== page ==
• Routinely test the operation of the carbon monoxide detector, LP gas leak detector and smoke alarm. Check the fire extinguisher monthly to make sure it is fully charged. Clean or replace air conditioner filters as required.
  • Complete your normal pre-trip checks before heading out on the road again.
All of these are helpful tools in making sure that your RV is in the proper condition when you head back out on the road after an extended stay.  Before or after your trip make sure you stop on by for a quick look by our trained experts at PleasureLand RV.

First Aid Kit Musts for your RV

Emergency situations are always unexpected and it is crucial to be prepared when disaster strikes. You can easily customize your own first aid kit to fit your exact needs and generally save money while doing so. Before heading off you should always consider where you will be traveling, what type of climate you’ll be in and what type of activities you may be doing. Anytime you decide to take your RV out on the open road, it is essential to be prepared in the event of an emergency.  The American Red Cross recommends that all first aid kits should include the following:

Supplies

  • absorbent compress dressings
  • adhesive bandages (assorted sizes)
  • adhesive cloth tape
  • antibiotic ointment
  • antiseptic wipes
  • aspirin
  • blanket
  • breathing barrier (with one-way valve)
  • instant cold compress
  • non latex gloves
  • hydrocortisone ointment
  • scissors
  • sterile gauze pads
  • oral thermometer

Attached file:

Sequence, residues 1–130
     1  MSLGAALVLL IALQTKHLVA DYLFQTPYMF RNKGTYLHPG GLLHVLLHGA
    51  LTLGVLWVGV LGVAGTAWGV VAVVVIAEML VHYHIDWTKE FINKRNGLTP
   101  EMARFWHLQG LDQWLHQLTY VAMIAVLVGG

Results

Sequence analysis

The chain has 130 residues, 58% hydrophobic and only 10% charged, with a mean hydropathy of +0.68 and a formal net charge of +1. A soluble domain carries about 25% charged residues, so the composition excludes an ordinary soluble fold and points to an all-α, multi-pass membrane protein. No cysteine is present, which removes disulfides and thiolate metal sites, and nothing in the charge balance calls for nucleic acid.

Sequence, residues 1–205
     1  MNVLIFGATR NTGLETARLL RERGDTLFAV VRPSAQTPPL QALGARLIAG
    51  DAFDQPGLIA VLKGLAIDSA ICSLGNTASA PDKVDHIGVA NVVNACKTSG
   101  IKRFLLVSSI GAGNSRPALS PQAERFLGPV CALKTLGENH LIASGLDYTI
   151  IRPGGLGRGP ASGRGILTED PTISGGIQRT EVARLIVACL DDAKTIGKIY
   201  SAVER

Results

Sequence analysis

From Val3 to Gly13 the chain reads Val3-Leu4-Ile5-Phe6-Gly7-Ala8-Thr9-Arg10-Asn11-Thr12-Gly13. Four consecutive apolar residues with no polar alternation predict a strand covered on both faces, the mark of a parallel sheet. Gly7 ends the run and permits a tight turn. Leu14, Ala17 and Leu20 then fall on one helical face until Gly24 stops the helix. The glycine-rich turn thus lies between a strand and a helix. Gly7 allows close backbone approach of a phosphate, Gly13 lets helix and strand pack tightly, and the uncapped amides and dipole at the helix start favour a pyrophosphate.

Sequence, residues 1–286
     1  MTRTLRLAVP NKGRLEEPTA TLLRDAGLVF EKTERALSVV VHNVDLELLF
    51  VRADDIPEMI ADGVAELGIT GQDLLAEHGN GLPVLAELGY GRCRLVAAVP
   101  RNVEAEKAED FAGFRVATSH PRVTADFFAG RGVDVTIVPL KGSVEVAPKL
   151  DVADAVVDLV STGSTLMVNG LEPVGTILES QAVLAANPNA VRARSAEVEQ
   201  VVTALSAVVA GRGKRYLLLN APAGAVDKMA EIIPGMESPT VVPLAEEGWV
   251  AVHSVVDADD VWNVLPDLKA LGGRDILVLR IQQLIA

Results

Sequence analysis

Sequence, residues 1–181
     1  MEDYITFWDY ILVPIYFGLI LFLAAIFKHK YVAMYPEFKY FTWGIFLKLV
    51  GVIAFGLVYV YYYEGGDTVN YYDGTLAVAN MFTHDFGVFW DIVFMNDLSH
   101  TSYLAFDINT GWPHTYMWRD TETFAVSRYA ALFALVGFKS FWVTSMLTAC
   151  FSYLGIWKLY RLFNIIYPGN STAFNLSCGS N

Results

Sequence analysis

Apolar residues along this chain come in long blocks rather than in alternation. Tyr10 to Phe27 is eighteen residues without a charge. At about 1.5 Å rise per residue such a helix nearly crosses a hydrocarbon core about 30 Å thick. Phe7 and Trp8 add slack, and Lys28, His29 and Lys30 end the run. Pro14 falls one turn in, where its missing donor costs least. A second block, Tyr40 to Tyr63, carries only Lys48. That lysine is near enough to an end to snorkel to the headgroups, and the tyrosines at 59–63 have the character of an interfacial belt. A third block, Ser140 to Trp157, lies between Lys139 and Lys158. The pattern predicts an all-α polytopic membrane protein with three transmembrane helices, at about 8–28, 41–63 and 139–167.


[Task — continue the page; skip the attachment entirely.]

• tweezers
  • First Aid instruction booklet

Extras to consider

  • whistle
  • nail clippers
  • jackknife
  • a fire steel to start a fire
  • water purifying tablets
  • flashlight and extra batteries
  • disposable camera
  • cell phone and charger

Tips

  • Be sure to store your kit in a place out of reach from children but easily accessible to adults.
  • Include personal items including medications, emergency phone numbers and any other items your doctor may suggest.
  • Be sure to check that the kit’s contents before each trip and make sure to check expiration dates on each item.
  • Learn about the contents of the kit and how to use them in different emergency situations. Having the supplies means nothing if you do not possess the know-how to use them.

It is always important to make sure that you are ready for anything the road can throw at you.  Before your next road trip, would be a good idea to start putting together an RV first aid kit.  Leave a comment below with anything you would like to add to this list.

[Source: American Red Cross]

7 Tips for Driving Your RV in the Rain